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Architecture Work In Progress

January 21, 2010

The problem

I lead a group of senior solution architects who are supporting application development and maintenance activities across the GMAC Global Marketing Organization. We are spread thinly across the eastern half of the US, and responsible for assisting with and overseeing the work of roughly 20 development and maintenance teams.

The challenge we face is this: How do we track the work that is in flight, and provide a very clear high level picture of who is doing what? Especially in the rapidly changing, sometimes amorphous world of application architecture?
How do you make it easy to visualize and communicate the items your team is working on, and give everyone a common model for the work moving through

In an attempt to address these problems, we have adopted a lightweight kanban-like work tracking board, with index cards that represent discrete assignments and a simple lifecycle that tracks their flow. Kanban originated as a means of optimizing the amount of work flowing through an manufacturing assembly line, and is closely associated with Lean Manufacturing and “The Toyota Way.” Many software development teams have adapted it as a means of managing their work. (A deeper exploration of kanban, why it works, how it relates to lean and other agile practices, is WAY outside the scope of this post but something I’m really interested in. Subject for another post perhaps?)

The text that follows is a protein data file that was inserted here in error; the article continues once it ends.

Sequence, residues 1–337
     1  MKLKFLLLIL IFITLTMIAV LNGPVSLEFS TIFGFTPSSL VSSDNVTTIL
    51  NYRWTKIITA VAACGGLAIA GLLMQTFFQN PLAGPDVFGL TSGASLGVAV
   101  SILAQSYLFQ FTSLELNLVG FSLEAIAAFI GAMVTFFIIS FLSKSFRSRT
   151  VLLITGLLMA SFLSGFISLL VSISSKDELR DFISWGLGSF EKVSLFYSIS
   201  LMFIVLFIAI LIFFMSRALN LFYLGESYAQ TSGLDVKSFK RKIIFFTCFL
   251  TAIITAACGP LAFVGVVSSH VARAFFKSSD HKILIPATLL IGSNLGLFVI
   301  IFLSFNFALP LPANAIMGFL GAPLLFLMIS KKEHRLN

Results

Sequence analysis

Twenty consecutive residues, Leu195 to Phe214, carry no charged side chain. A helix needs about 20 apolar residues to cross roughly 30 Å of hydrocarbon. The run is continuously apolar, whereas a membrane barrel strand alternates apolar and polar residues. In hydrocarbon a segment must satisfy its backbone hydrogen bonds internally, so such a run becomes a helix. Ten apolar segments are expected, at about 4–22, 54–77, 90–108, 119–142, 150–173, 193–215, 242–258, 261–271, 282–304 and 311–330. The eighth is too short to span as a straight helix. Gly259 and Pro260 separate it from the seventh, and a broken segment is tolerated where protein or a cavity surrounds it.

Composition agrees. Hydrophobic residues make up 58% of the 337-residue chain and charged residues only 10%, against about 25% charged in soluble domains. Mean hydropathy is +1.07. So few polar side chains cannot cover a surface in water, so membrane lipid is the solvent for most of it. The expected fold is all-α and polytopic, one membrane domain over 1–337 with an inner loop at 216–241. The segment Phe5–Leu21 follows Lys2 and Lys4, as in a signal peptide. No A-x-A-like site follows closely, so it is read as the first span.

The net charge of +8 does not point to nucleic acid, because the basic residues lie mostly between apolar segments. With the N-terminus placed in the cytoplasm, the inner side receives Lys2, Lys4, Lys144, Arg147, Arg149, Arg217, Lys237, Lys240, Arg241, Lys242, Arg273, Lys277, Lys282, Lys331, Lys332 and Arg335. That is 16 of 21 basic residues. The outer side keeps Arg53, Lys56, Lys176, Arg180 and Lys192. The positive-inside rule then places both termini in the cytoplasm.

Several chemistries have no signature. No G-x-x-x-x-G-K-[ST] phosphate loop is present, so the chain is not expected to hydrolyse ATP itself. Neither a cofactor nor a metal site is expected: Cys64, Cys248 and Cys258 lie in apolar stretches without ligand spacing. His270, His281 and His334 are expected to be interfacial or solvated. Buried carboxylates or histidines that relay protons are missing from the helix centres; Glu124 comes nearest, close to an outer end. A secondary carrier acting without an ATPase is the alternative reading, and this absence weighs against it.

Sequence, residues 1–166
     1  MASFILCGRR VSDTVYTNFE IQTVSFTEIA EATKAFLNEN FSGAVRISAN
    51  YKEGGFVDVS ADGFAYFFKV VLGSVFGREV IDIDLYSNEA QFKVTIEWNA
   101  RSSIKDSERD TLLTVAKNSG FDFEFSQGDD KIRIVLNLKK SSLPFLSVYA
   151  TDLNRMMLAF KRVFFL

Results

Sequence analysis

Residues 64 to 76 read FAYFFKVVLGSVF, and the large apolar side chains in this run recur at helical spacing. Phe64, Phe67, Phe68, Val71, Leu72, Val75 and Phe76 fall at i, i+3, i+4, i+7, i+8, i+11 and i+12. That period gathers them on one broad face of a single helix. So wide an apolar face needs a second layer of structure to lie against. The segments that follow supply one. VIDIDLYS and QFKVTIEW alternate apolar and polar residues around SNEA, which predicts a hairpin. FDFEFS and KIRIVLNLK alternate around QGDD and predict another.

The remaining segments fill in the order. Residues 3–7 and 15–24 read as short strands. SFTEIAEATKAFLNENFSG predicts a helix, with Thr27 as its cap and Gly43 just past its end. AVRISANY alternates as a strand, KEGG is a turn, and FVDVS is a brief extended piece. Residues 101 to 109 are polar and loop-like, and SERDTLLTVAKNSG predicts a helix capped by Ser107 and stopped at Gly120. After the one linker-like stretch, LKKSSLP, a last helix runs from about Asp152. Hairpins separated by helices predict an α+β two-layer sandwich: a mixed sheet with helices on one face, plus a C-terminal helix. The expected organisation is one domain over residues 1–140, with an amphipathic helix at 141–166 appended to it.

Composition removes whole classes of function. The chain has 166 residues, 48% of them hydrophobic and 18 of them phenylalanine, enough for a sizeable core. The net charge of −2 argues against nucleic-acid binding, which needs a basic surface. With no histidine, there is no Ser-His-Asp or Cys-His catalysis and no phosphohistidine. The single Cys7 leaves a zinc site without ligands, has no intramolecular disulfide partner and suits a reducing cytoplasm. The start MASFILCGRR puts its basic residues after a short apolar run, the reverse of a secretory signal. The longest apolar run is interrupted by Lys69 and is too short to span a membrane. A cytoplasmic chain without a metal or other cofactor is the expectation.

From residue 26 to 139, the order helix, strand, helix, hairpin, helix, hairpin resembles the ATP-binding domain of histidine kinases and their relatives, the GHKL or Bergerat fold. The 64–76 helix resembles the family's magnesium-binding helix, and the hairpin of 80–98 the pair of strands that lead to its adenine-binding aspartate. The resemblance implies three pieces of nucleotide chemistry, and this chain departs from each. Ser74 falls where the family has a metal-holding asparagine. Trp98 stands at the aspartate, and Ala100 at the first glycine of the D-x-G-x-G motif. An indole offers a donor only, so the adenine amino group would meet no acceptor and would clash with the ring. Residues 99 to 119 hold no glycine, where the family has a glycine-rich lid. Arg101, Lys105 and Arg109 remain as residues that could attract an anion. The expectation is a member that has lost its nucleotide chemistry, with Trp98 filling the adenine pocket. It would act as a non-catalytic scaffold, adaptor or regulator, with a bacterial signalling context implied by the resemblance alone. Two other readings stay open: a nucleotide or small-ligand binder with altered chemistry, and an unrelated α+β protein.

Intentionally simpler than a project plan or “dashboard,” the kanban board gives us a single easily digestible view of what’s in flight and what’s coming up, where are resources are allocated and what the key bottlenecks and issues are.

The Cards
In a kanban development approach, each card in the system represents one or more user stories, or a feature that the team is working on. In a development lifecycle, you might have stages like Requirements Definition, Analysis, Code, UAT.

In our simpler Architecture kanban we’re using cards that represent discrete assignments or deliverables that an architect is working on. Typical cards might be “Billpay ADD,” or “Universal Customer Profile Discovery,” or “Anti-Money Laundering RFP.” Note that architects get asked to participate in many different kinds of efforts, attend lots of calls, and provide opinions on many topics. Not every Architecture request goes onto a card. A card has to represent a significant chunk of discrete work, with a concrete deliverable at the end.

Because there are many different kinds of work represented by the cards in our system, we’ve adopted an extremely simple lifecycle. There are four states that any card can be in: In Queue, In Progress, Done, and suspended.

As we mature the practice I want to add other metadata to the cards: when the work was defined, when it was begun, when it was expected to be due, and when it was actually completed. This will allow us to calculate important metrics about the process, including Cycle Time and On Time Percentages.